With just a few components you can create a multi-purpose circuit. This is the
negative resistance oscillator that can be created using a BJT. Notice
the reverse connection of the BJT and also it's base which is left
unconnected. When the voltage reaches a certain value (~7-8v) the
oscillator begins to oscillate. The oscillation frequency depends on
the RC values. Starting values are R=1k and C=100nF and the frequency
is in the audio range. It you want, you can DC-decouple the output with
a 100nF decoupling capacitor. A good choice for the BJT is the 2N2222,
the one in the plastic case. But any transistor will oscillate at some
certain voltage level, so the choice of the transistor type is not
critical. The 2N4124 gave the lowest oscillation voltage, about 6.8v.
If you replace the resistor with
a light intensity sensor can be made. The output of the sensor is
audio. Depended on the audio frequency, light variations can be
monitored and measured. If you replace the resistor with a thermistor a
temperature sensor can be made and again the output of this sensor is
audio. Since the output frequency also depends on the supplied voltage,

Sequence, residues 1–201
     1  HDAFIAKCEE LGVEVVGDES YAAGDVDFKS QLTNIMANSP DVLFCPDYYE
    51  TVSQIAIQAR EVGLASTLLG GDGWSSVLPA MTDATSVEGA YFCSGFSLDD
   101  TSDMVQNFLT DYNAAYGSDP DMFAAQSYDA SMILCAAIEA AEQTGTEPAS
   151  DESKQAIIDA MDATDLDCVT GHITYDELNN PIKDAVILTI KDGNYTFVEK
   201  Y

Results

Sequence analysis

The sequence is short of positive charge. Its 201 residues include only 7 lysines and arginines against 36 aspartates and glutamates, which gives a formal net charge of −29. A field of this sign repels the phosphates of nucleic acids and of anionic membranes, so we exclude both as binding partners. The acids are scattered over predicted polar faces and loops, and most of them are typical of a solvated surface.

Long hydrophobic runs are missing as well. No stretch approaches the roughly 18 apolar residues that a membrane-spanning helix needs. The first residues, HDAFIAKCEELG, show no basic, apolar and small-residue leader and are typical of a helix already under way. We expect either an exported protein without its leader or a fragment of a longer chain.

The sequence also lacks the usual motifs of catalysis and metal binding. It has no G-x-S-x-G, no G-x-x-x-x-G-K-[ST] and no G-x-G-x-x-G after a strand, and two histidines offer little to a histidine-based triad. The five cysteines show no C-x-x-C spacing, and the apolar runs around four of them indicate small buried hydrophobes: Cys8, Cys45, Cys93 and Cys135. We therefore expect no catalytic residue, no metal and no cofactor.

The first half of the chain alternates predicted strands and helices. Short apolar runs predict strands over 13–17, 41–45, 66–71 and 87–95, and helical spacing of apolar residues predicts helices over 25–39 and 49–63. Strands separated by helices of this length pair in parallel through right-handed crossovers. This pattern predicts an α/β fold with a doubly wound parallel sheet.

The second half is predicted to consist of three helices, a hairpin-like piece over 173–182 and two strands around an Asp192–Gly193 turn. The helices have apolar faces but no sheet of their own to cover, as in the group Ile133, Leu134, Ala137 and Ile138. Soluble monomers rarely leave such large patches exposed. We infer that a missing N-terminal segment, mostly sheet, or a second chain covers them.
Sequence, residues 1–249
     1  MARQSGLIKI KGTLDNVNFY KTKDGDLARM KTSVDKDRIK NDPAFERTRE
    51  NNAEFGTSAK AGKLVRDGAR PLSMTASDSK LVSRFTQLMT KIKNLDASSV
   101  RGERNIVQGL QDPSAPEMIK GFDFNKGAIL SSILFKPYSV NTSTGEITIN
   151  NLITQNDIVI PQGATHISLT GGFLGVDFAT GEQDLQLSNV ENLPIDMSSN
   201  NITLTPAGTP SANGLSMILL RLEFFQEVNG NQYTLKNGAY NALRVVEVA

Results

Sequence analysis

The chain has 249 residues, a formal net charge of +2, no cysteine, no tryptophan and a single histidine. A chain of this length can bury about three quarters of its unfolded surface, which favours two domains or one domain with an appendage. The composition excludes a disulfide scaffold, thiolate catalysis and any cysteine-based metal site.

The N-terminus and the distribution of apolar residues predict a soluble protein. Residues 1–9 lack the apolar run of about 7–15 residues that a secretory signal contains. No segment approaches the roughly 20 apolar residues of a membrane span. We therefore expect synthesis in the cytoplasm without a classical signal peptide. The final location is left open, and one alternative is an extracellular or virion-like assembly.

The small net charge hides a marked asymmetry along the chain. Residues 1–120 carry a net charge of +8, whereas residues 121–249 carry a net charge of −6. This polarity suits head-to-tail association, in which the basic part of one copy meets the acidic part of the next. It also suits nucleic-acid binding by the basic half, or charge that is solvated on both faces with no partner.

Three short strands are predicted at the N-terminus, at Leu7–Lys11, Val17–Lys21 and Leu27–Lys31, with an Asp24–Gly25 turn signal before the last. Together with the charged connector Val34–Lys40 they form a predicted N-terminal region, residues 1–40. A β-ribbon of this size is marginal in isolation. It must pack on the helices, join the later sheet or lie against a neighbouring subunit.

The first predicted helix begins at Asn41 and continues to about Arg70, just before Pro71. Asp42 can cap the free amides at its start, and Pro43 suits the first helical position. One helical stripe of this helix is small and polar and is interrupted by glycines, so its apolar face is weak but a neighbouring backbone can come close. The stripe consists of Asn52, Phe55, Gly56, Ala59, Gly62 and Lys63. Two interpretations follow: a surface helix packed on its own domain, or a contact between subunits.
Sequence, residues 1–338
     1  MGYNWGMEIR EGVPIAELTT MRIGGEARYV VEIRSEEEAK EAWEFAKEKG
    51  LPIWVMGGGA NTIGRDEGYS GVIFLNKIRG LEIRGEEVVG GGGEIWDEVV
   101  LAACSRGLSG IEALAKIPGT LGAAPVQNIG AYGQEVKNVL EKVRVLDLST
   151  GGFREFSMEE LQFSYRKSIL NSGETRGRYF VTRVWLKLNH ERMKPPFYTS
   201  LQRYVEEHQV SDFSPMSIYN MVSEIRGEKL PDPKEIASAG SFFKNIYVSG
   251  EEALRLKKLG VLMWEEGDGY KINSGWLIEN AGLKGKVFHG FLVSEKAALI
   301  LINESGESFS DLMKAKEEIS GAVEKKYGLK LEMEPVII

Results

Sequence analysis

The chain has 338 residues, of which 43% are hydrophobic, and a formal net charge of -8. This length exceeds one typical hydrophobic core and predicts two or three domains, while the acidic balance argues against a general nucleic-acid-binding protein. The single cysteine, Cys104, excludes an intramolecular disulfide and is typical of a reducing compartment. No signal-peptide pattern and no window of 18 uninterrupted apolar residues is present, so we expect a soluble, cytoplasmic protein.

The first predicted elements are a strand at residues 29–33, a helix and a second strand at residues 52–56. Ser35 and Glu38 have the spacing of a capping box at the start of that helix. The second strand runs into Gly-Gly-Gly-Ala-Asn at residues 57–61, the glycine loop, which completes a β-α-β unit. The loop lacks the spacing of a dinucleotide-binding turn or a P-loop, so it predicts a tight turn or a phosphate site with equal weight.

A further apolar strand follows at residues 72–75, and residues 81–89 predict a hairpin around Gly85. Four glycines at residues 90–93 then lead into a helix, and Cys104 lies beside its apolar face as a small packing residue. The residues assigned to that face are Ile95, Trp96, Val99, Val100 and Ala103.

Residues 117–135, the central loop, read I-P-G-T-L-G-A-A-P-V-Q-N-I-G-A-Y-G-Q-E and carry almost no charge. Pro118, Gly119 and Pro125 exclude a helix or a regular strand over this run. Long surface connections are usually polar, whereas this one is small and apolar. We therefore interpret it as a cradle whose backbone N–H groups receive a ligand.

this voltage must be stable for accurate measurements and calibration
of the sensors. But this feature can be exploited for monitoring the
voltage of a 12v battery. Depended on the output frequency you know
what the voltage of the battery is.
An interesting feature of this oscillator is that if you connect the
BJT base to either gound or VCC, oscillation stops. There are some
applications that could exploit this, such as data to audio conversion
or beacon applications.
Of course, there are variations of the negistor oscillator. The next
diagrams show some of them. Even RF can be generated easily with these
oscillators and the components count is always kept at minimum.
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